Like many large urban areas of the central and western United States, the Phoenix metropolitan area of Arizona is laid out along a regular grid of city blocks and streets. While visible during the day, this grid is most evident at night, when the pattern of street lighting is clearly visible from the low-Earth orbit vantage point of the International Space Station.
The urban grid form encourages growth outwards along a city’s borders by providing optimal access to new real estate. Fueled by the adoption of widespread personal automobile use during the 20th century, the Phoenix metro area today includes 25 other municipalities (many of them largely suburban and residential) linked by a network of surface streets and freeways.
This astronaut photograph includes parts of several cities in the metro area, including Phoenix (image right), Glendale (center), and Peoria (left). While the major street grid is oriented north-south, the northwest-southeast oriented Grand Avenue cuts across it at image center. Grand Avenue is a major transportation corridor through the western metropolitan area; the lighting patterns of large industrial and commercial properties are visible along its length. Other brightly lit properties include large shopping centers, strip malls, and gas stations, which tend to be located at the intersections of north-south and east-west trending streets.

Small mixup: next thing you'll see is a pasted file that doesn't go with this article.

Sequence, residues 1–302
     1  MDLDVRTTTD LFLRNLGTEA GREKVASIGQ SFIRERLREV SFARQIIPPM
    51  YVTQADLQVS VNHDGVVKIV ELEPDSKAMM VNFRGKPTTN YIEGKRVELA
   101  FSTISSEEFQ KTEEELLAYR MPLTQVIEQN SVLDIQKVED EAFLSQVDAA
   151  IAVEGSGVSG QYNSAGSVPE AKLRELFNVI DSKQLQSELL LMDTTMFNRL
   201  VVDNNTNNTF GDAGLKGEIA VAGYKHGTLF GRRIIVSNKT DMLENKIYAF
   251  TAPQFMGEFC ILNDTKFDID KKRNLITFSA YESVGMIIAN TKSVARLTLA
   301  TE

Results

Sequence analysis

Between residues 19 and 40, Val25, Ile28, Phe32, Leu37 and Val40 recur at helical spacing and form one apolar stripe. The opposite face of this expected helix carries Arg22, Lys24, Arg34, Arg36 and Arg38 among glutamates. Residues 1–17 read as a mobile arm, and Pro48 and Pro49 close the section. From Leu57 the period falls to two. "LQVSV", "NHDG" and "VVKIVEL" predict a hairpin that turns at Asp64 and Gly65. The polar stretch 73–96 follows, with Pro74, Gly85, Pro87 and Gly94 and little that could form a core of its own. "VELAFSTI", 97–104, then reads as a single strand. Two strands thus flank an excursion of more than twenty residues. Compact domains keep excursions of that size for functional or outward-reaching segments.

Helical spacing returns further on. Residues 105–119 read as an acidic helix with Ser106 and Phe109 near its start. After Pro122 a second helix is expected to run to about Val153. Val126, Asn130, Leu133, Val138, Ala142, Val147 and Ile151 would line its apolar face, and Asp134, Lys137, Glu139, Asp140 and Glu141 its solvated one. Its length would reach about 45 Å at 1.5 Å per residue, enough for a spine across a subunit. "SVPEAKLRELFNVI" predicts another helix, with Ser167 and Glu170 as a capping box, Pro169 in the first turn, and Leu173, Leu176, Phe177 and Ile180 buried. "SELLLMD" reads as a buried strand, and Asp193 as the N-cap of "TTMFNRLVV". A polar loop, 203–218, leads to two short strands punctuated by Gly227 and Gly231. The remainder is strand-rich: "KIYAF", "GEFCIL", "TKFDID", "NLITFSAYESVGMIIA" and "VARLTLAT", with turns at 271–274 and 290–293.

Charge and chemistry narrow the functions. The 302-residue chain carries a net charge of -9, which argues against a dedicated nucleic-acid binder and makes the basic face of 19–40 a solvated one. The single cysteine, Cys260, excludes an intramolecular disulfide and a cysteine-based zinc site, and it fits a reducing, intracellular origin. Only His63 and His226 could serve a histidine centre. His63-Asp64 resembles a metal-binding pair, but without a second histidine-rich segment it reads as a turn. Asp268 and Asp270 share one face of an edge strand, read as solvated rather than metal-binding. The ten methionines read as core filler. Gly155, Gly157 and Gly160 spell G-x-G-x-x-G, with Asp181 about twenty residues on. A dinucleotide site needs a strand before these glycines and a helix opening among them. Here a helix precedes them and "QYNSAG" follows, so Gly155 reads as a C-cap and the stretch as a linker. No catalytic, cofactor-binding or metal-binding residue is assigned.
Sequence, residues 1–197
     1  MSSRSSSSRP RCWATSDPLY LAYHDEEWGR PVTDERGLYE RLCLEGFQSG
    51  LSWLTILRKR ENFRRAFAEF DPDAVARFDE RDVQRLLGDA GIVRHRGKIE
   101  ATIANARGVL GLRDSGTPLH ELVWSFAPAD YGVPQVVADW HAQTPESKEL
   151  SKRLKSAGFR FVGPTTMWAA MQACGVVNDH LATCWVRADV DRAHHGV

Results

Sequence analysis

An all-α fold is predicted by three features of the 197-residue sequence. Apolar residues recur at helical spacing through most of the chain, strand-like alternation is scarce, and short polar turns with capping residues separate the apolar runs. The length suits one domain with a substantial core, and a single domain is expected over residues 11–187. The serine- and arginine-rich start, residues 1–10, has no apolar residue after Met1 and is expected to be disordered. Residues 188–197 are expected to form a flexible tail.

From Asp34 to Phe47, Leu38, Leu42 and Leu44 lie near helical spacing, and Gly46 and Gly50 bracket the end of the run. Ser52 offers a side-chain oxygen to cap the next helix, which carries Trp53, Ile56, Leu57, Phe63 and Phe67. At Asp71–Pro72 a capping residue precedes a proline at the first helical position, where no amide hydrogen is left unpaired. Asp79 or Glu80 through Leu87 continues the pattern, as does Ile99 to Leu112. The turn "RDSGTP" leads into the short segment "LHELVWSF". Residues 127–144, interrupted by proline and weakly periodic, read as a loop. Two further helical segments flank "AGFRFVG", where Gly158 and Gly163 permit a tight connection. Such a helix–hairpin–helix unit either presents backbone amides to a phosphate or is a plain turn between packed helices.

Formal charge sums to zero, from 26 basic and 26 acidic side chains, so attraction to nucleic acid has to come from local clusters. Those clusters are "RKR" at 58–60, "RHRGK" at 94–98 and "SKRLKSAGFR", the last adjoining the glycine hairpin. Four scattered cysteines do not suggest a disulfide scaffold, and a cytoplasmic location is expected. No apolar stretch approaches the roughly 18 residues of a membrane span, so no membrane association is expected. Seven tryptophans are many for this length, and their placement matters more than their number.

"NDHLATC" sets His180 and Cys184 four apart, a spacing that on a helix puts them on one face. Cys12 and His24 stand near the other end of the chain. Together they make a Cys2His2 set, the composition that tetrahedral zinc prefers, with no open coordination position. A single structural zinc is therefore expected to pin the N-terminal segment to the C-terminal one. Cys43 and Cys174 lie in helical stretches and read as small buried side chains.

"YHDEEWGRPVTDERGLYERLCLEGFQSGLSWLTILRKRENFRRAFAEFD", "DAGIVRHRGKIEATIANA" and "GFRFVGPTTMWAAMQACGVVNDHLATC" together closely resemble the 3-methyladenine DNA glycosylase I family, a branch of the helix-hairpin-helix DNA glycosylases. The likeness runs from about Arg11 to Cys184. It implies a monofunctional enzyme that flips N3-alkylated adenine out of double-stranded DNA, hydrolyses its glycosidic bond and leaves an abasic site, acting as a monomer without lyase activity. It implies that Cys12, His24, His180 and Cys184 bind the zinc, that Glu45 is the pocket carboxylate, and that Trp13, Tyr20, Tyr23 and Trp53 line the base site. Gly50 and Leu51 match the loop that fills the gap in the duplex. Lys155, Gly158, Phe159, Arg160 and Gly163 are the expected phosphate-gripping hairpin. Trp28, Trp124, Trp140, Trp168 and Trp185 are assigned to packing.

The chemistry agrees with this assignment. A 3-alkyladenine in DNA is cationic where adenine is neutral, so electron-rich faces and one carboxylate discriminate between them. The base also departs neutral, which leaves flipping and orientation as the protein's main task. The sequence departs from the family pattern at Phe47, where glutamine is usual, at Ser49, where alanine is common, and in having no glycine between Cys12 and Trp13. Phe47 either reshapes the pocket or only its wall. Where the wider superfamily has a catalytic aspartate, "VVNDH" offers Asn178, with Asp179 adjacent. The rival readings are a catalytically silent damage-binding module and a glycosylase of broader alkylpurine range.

While much of the land area highlighted in this image is urbanized, there are several noticeably dark areas. The Phoenix Mountains are largely public parks and recreational land. To the west, agricultural fields provide a sharp contrast to the lit streets of residential developments. The Salt River channel appears as a dark ribbon within the urban grid.